Star Ford

Essays on lots of things since 1989.

PRT switch design

on 1999 January 25

This paper presents a PRT switch design and notes on a black box design methodology.

Reasons to defer design choices

The best PRT system will be one that is flexible and changeable, allowing many different types of vehicles, and making it possible to redesign parts of the system piecemeal, while maintaining compatibility with older components. For example, someone ought to be able to invent a better vehicle and run it on the existing tracks. Or, someone ought to be able to invent a better track that can carry the existing fleet of vehicles.

In any system, the interfaces between parts must be the most stable specification, while the parts themselves can be independently improved over time. The most important interface in PRT is the interface between the guideway and the vehicle. This makes the guideway geometry the most important design element in the whole system. The guideway geometry must be carefully thought out, in order to have a design that is durable over generations of possible changes in the engineering of the other parts.

In fact, it may be possible to develop and publish a fully engineered guideway geometry while deferring major decisions about how the other parts of the system work. I would propose that a consortium of US states and/or cities fund such a design initiative, on an even per-capita funding basis, such as $1 per person. This could raise about $1 million. The results would be placed in the public domain and this small public initiative could spur the development of detailed propulsion, guideway construction, and vehicle construction efforts by private companies.

The flexibility of the car & road system is one of the main reasons it has done so well compared to other forms of transportation. A car can be completely redesigned without upsetting the car/road interface, because the interface is so simple. The car/road interface for a highway specification only requires certain features like lane width and grade and roughness to be within certain parameters, but it does not specify any power source or ownership structure or speed limit: all these can be changed. The same goal of flexibility should be built into PRT by deferring design choices to the extent possible, and keeping the interface as simple as possible. The design elements that ought to be deferred include:

  • power source
  • propulsion method
  • vehicle size/weight limits
  • number of bogies (wheel sets)
  • control system
  • curve radius and speed

There will be needs for variations in all of these over time, and even at the same time in different places. For example, in an urban area, the transit system would use a linear induction motor, with publicly-owned “dumb” vehicles with a 1-ton weight limit. This would allow close spacing and would optimize the price by making the vehicles as cheap as possible. At the same time, a guideway might be built over a mountain (where road building would be too expensive), and this guideway would be un-powered, and use smart self-propelled, mostly privately owned, vehicles. In this situation, optimizing the price favors making the guideway as cheap as possible since the traffic would be sparse. In a third environment, a large industrial park might decide to use freight pallets with an 8-ton weight limit that are controlled by drivers, and use a linear motor.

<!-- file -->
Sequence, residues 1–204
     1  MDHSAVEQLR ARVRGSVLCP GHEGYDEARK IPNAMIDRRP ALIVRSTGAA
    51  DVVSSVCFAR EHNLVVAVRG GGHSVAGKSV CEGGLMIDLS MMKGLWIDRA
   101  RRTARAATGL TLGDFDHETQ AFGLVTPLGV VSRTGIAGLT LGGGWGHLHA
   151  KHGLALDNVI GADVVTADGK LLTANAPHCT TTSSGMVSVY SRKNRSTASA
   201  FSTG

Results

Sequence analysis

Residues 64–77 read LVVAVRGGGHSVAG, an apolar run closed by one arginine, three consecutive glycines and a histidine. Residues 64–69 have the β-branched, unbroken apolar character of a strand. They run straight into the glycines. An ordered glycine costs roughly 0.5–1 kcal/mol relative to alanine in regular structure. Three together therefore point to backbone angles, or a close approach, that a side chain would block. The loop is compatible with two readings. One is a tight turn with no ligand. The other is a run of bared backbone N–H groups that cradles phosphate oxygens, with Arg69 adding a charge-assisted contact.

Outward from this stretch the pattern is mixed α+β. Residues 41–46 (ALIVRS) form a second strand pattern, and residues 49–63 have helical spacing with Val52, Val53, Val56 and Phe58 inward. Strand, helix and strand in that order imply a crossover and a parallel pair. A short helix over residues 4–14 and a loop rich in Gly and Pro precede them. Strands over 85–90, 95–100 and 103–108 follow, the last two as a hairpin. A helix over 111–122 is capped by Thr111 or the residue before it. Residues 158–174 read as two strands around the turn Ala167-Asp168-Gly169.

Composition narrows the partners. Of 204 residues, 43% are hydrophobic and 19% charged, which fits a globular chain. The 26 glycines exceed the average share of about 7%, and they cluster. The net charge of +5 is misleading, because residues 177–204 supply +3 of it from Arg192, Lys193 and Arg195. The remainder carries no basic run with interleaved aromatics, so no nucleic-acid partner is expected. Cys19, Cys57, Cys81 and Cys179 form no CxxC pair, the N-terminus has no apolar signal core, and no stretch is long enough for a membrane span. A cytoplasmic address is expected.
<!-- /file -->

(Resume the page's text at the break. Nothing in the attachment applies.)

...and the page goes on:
In these scenarios, not all vehicles are allowed on all guideways, but some vehicles can use multiple guideway types, making the system connected. For example, the rural vehicle could be equipped to turn off its own power and switch to city mode, making it a more versatile vehicle.

Requirements of the vehicle/guideway interface

The remainder of this paper contains some design ideas for the guideway geometry of a suspended PRT system. The aim of this design is to demonstrate that all the necessary elements of the geometry can be designed without needing to nail down any of the choices that should be deferred. As I see it, geometry must do the following things passively, by virtue of its shape:

  • prevent the vehicle from falling out of the track
  • have fail-safe switching (i.e. on control failure, the vehicle passively goes either left or right but does not crash)
  • allow for banking

The main design problem is the switching, specifically how to allow the right-side wheels to pass over the gap during a left turn, and vice versa. This is not as hard a problem to solve if you set limits to the curve radius and speed in curves. For example, if you specify that curves out of switches must be fairly tight, then you can design the wheel width and axle-to-axle distance such that at least one wheel is always on solid ground while the others are passing over the gap. However, if you defer the choice of the curve radius and speed as I argue above, then you need a more general way to solve the problem. In the case where both branches of a switch are very slight curves designed for high speed, the gap widens over several vehicle-lengths, making it impossible to guarantee that any of the right-side wheels would be on a running surface in the switch. Therefore the guideway has to be designed so that it can passively support the vehicle from only one side, and while so doing, the vehicle cannot fall out under any load conditions, including side and upward loads.